Property Settlement – Factsheet

When a marriage or a de facto relationship breaks down, it is needed to divide the property held jointly by parties. This is done in a property settlement – a final resolution of the ownership of the said property. Family law property settlement enables each party to divide up their assets and then retain those assets as their own property absolutely.

If you want to know how much you will get exactly after a property settlement, you cannot google that, not even an estimate, for one simple reason: each situation is different, and the decision is made according to the individual facts and circumstances of the specific couple. There is no set mathematical formula either. There are guidelines and specific steps the courts need to follow, but bear in mind that the case of your friends, no matter how similar to yours, is never exactly the same, and thus cannot result in the same outcome.

Four Steps in Family Law Property Settlement

In order to obtain a property settlement, a four-step process needs to be followed.

  1. Determining Assets in the Relationship

All assets that parties have, no matter where they are situated in the world, must be identified, disclosed and values. Just because some asset is overseas, does not mean that it is legally excluded from the identification and valuation stage of a property settlement. In this stage, it is crucial that both parties are honest and provide full and frank disclosure of everything they own: both material items (house, cars, furniture, etc.) and superannuation need to be included in this step. These assets will then be given a monetary value.

  1. Contributions Made by Both Parties

When determining how to divide the asset pool that has been established in Step 1, the court will need to look at the contributions that were made by each party. Both those made upon entering the relationship and those made throughout the duration of the relationship will be looked into, financial and non-financial. Financial contributions involve inheritances, gifts or other large payments. Non-financial contributions relate to the overall running of the household, parenting contributions if there are children involved, etc.

  1. Future Needs of the Parties

The court will consider the future needs of both parties. According to the contributions (Step 2), the court will decide on the percentage of assets each party should get. But these percentages can be adjusted on the ground of the future needs. These needs relate to illness or health problems, differences in earning capacity (due to education, for example), who is caring for any children, if relevant, etc. The new percentage will then be applied to asset pool to determine what the parties are entitled to receive.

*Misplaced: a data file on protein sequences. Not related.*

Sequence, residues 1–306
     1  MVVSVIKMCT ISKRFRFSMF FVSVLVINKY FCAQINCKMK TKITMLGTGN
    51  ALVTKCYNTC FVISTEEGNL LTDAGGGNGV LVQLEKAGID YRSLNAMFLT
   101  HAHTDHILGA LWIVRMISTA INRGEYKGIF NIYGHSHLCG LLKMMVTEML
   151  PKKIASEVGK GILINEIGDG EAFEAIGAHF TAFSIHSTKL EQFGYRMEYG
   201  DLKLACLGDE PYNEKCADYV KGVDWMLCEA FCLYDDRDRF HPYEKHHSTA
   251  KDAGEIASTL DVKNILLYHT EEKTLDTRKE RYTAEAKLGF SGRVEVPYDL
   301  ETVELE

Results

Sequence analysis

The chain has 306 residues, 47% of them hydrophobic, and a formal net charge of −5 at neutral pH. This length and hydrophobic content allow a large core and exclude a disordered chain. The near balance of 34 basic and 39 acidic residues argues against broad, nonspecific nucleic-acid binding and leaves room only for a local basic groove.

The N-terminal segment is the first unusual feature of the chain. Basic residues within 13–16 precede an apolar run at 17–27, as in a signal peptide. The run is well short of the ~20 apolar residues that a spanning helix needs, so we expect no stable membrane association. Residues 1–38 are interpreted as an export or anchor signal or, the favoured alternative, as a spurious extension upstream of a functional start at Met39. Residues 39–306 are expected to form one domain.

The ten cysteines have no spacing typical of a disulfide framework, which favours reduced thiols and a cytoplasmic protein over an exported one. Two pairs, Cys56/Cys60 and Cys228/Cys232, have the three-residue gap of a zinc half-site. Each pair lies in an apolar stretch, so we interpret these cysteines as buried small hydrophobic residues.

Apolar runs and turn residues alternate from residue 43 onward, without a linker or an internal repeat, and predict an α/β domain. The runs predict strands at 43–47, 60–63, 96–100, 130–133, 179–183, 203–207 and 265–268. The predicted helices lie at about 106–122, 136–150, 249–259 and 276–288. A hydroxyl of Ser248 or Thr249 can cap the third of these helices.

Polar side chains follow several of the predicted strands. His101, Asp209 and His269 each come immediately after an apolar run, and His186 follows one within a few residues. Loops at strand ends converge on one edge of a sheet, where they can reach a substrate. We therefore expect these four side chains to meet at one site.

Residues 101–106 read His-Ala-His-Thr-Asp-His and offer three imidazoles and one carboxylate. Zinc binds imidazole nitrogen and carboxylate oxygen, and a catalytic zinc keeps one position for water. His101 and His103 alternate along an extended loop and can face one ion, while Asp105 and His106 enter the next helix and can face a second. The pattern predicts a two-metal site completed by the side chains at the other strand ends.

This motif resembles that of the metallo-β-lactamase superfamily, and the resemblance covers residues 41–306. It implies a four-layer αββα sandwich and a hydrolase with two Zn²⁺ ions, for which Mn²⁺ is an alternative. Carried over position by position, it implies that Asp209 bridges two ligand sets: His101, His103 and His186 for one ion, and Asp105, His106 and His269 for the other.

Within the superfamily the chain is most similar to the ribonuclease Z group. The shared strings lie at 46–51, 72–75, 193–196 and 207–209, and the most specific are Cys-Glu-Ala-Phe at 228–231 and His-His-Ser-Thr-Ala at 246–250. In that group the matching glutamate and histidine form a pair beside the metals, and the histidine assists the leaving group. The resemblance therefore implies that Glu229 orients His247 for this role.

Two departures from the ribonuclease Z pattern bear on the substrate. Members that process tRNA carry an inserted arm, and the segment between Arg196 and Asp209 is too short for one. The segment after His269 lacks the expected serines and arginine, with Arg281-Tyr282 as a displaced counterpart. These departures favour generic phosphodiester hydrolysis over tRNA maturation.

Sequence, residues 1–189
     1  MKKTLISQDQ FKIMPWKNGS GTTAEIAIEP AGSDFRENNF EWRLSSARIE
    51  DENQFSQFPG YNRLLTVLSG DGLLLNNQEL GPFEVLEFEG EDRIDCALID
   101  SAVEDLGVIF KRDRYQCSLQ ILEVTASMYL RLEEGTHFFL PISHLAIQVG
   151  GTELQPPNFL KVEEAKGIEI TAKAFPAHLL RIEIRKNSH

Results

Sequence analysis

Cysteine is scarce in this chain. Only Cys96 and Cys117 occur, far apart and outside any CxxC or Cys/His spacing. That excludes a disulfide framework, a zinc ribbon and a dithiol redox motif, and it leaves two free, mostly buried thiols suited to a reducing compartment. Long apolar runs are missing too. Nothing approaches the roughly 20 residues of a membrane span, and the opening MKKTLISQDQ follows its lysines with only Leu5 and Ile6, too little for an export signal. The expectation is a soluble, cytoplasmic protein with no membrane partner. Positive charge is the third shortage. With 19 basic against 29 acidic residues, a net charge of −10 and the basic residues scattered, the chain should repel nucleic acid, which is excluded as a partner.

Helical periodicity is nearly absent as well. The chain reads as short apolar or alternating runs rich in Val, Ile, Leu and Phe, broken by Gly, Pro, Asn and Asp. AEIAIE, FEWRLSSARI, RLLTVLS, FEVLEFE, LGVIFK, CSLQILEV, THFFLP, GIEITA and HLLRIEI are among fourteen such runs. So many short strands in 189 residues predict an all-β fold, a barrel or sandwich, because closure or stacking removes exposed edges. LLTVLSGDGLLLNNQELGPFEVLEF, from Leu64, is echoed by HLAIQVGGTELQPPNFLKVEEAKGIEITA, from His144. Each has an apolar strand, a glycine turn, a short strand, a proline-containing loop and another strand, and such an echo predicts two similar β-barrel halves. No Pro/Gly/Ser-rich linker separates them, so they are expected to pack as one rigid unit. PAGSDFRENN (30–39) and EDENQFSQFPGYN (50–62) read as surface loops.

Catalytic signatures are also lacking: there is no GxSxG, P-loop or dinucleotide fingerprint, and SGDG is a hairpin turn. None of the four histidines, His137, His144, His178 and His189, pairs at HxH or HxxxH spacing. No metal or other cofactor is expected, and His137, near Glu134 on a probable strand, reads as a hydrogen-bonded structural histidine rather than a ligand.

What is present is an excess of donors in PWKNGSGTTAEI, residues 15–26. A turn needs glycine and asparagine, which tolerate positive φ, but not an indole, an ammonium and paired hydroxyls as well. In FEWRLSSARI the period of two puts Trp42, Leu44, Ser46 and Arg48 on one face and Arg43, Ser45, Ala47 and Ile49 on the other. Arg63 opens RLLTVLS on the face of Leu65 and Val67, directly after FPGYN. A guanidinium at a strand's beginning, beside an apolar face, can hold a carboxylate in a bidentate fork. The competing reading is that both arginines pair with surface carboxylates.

1. Is the Agreement Just and Equitable?

Finally, it needs to be determined whether or not the result is fair for both parties. If it is, then the settlement procedure is completed. If it is not fair, then changes may need to be made. This will ensure that a fair outcome is reached for both parties.

“Better late than never” is not applicable for family law property settlement. It is recommended that you try to resolve this matter sooner rather than later after separation. This is because the law takes into account assets at the current rather than simply dividing assets that existed at separation. There may be changes in the future, so try and resolve property settlement as soon as possible.

Free Legal Advice on Property Settlement

If you are going through separation and are confused as to who gets what and why, or if you are unhappy with the court’s decision, let us assist. We at Withstand Lawyers are a team of certified legal professionals equipped with both theoretical knowledge and practical experience needed to lead our clients to their desired outcome. We will ensure that you understand your exact circumstances and know where to go from there. As a welcome to our new clients, we will offer you first consultation free of charge!

Contact us today via phone at 1800 644 541, email us at info@withstandlawyers.com.au or send an online inquiry, and we’ll book an appointment with one of our family lawyers that can guide you through the property settlement process.

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